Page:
Submit Your Application
|Regular Mail||Courier Address|
|Case Processing Centre-Sydney|
P.O. Box 7000
|Case Processing Centre-Sydney|
49 Dorchester Street
Sydney, Nova Scotia
Once you submit your complete application form you can check the status of your application by visiting the Government of Canada On-Line Service
Benefits of Becoming a Canadian Citizen
- By becoming Canadian citizens, you can participate in Canadian politics by voting or running for office
- Your children who are born in Canada to parents who are Canadian citizens become Canadian citizens without having to go through an application process
- Canadian holding Canadian Passport is allowed to visit 183 Countries Visa-Free. According to the 2020 Henley Passport index, Canada remains in the 9th spot for the most powerful passport in the world.
Canadian Citizenship Test
The Canadian Citizenship Written Test is based on the Discover Canada book. It was published in 2012 so some of the information is out of date (ie. the number of MPs in parliament 308 in the book vs 338 in the recent election). You can take the Canadian Citizenship Test in English or French and you have to answer 15 out of 20 questions correctly to pass the test. You will need to take the test if you are between the age of 16 and 64 years old. You can use the Free Canadian Citizenship Test to practice for your citizenship test. If you want a full course that goes over the Discover Canada material with all the test questions then you can try the Canadian Citizenship Course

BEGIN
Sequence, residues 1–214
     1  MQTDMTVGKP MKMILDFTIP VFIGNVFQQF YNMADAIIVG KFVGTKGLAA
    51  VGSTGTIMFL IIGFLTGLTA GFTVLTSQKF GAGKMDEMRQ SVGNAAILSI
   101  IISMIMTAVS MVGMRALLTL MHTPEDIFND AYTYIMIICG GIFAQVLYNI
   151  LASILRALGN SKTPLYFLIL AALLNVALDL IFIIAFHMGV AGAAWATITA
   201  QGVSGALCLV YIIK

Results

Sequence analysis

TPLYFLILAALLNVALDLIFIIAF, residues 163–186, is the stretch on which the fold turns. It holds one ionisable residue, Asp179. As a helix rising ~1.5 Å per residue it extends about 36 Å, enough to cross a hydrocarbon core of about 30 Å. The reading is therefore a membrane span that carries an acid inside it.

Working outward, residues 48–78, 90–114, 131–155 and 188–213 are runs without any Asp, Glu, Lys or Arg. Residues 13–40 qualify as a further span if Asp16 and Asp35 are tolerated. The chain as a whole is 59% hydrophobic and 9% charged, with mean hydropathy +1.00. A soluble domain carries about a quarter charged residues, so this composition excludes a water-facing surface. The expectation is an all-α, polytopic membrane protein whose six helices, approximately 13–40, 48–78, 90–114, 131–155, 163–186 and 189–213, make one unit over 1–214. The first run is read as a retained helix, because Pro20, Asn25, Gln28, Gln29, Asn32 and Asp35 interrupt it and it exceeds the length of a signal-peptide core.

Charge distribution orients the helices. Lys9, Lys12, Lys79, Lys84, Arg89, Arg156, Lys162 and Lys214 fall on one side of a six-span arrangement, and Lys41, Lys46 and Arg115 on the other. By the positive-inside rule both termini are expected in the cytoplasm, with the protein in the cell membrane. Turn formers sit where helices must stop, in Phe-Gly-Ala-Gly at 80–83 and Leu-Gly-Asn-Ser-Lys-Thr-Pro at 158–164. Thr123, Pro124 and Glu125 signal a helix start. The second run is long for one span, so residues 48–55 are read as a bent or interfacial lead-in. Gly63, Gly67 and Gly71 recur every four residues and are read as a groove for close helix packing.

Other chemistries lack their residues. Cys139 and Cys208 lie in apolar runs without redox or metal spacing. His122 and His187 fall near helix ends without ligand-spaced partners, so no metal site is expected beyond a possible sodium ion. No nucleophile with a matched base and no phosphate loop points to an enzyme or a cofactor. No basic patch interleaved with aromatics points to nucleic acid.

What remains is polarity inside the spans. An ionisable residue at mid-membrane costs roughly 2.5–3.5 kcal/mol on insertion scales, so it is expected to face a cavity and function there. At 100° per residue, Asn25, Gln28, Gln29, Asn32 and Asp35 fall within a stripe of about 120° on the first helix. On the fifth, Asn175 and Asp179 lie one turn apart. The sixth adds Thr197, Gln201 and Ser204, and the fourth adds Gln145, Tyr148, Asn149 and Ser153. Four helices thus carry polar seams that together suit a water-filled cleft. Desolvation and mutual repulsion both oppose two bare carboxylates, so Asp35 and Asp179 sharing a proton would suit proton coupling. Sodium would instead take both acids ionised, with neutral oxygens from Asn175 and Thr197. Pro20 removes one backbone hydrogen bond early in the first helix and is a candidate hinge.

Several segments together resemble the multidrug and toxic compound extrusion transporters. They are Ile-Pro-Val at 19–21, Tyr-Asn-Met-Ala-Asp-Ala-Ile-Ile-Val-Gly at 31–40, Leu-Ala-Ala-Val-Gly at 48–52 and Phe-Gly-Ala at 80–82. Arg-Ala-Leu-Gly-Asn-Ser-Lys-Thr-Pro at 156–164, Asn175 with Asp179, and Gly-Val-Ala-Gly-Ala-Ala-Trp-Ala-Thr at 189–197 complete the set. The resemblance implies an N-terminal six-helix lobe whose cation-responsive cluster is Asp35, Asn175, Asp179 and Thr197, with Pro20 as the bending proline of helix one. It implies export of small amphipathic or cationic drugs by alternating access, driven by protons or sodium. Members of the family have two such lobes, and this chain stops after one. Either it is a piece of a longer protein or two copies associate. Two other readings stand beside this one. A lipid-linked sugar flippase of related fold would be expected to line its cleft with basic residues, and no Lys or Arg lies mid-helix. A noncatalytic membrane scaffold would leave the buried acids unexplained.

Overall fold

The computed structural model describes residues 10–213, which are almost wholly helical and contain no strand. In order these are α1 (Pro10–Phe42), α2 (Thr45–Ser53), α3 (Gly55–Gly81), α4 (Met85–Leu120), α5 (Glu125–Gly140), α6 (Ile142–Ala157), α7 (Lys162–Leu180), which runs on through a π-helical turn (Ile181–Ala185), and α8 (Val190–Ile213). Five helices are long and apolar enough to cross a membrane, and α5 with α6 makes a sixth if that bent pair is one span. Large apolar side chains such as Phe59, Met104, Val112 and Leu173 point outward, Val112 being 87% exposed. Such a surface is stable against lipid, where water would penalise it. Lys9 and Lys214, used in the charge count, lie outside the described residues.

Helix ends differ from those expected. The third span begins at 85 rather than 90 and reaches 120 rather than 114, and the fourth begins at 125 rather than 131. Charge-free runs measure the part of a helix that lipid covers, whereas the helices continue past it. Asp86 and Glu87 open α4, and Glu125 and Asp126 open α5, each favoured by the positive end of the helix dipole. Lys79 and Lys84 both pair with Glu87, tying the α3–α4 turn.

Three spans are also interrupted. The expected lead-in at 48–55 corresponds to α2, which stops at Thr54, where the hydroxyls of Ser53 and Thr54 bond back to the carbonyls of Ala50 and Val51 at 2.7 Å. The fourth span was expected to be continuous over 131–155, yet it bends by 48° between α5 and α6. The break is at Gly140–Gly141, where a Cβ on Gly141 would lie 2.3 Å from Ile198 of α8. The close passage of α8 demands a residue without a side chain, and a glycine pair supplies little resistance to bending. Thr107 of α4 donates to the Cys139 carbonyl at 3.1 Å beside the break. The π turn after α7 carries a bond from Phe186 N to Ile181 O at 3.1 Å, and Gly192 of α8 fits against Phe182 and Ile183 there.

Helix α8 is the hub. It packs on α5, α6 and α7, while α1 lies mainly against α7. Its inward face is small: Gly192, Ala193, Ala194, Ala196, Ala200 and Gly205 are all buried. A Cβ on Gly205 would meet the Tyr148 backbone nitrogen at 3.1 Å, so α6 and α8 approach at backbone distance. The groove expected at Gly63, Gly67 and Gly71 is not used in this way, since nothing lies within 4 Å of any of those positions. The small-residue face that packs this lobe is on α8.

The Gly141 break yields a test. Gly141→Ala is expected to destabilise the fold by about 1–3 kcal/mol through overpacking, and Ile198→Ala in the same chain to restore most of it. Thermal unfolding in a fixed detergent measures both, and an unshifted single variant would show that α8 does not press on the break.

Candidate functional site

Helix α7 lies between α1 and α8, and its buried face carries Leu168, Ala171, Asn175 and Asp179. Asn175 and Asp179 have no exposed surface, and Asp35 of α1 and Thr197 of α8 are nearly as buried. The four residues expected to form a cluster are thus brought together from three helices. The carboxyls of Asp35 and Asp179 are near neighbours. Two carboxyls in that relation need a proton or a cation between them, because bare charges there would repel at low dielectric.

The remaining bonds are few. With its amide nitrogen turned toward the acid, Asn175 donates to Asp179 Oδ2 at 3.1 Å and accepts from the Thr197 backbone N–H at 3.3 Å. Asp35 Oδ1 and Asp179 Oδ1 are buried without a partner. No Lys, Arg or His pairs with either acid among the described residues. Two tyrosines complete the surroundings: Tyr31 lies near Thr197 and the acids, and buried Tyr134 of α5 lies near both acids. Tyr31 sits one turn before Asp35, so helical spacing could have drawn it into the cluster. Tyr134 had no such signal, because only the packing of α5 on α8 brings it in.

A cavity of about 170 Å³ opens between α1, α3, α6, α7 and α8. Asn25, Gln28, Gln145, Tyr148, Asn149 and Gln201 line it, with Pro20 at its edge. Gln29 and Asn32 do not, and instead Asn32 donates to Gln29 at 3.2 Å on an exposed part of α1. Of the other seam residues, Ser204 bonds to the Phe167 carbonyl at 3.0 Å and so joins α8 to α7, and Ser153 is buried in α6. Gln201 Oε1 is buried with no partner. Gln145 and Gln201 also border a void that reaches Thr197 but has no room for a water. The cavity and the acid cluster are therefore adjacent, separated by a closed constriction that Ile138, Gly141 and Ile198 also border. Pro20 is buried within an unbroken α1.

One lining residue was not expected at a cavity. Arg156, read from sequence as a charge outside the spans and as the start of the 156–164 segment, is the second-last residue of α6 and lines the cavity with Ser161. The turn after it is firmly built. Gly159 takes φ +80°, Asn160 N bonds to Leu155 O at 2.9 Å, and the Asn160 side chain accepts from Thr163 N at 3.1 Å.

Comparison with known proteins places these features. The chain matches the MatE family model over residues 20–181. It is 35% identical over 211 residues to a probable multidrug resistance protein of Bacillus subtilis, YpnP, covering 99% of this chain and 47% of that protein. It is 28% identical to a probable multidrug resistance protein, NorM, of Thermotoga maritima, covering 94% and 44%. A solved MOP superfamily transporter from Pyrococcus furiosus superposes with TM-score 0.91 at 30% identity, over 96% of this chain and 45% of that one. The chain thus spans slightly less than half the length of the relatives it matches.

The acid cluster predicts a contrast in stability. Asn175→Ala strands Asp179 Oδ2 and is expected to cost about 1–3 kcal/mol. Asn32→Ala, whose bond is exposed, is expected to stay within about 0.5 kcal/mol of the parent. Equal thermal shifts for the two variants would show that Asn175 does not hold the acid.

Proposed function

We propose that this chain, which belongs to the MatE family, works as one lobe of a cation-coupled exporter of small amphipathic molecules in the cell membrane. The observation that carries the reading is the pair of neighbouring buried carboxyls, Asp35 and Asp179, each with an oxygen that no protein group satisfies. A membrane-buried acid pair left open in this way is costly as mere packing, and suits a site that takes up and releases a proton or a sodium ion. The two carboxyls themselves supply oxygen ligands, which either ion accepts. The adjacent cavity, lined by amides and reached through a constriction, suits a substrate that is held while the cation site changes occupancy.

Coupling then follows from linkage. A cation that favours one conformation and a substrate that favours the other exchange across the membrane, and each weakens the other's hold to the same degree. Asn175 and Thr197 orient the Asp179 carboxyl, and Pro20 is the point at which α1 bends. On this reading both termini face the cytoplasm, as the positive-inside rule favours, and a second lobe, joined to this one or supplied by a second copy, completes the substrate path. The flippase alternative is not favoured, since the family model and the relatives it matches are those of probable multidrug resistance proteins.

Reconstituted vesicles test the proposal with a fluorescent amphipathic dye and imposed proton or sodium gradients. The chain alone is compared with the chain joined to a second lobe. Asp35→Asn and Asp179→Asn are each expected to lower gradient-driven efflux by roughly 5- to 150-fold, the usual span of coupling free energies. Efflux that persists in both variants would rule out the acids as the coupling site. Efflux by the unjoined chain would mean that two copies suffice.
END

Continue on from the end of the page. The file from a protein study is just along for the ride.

If you fail the Canadian Citizenship Test then the CIC will reschedule you for a second test which usually takes 4-8 weeks after your first test. If you fail the second test, the CIC will send you a notice telling you to appear for a hearing with a citizenship officer. In this hearing, the citizenship officer will assess whether you meet all the requirements for citizenship and you may be tested orally on the following:
- test your knowledge of Canada and the responsibilities and privileges of citizenship
- ask questions about your residency in Canada and/or
- assess if you have adequate knowledge of English or French
Wait for the Decision
Waiting is the hardest part but make sure you are aware of the processing time it takes to review and approve a Canadian Citizenship application. The Immigration office will reach out to you if they need any additional information.
Go to the Ceremony and Take the Oath
Once your application has been approved then you can go and take your oath of citizenship and become a Canadian Citizen. Adults and minors aged 14 or over will receive a Notice to Appear with a location and time to attend a citizenship ceremony. Minors under 14 years of age are welcome to attend but if they can’t attend, the parent or guardian will be given the Certificate of Canadian Citizenship.
Do I become a Canadian Citizen when I marry a Canadian?
No, marrying a Canadian doesn’t give you citizenship. If you want to become a Canadian citizen, you must follow the same steps as everyone else. There isn’t a special process for spouses of Canadian citizens.
Why am I being asked for fingerprints?
You may be asked to provide fingerprints and/or court documents when you apply for citizenship. This is to make sure that you are not prohibited under the Citizenship Act.
Do I have to give up my previous Citizenship when becoming a Canadian Citizen?
It depends, Canada allows for dual citizenship but many countries do not. If your native country allows for dual citizenship then you can keep your previous citizenship while obtaining your Canadian Citizenship.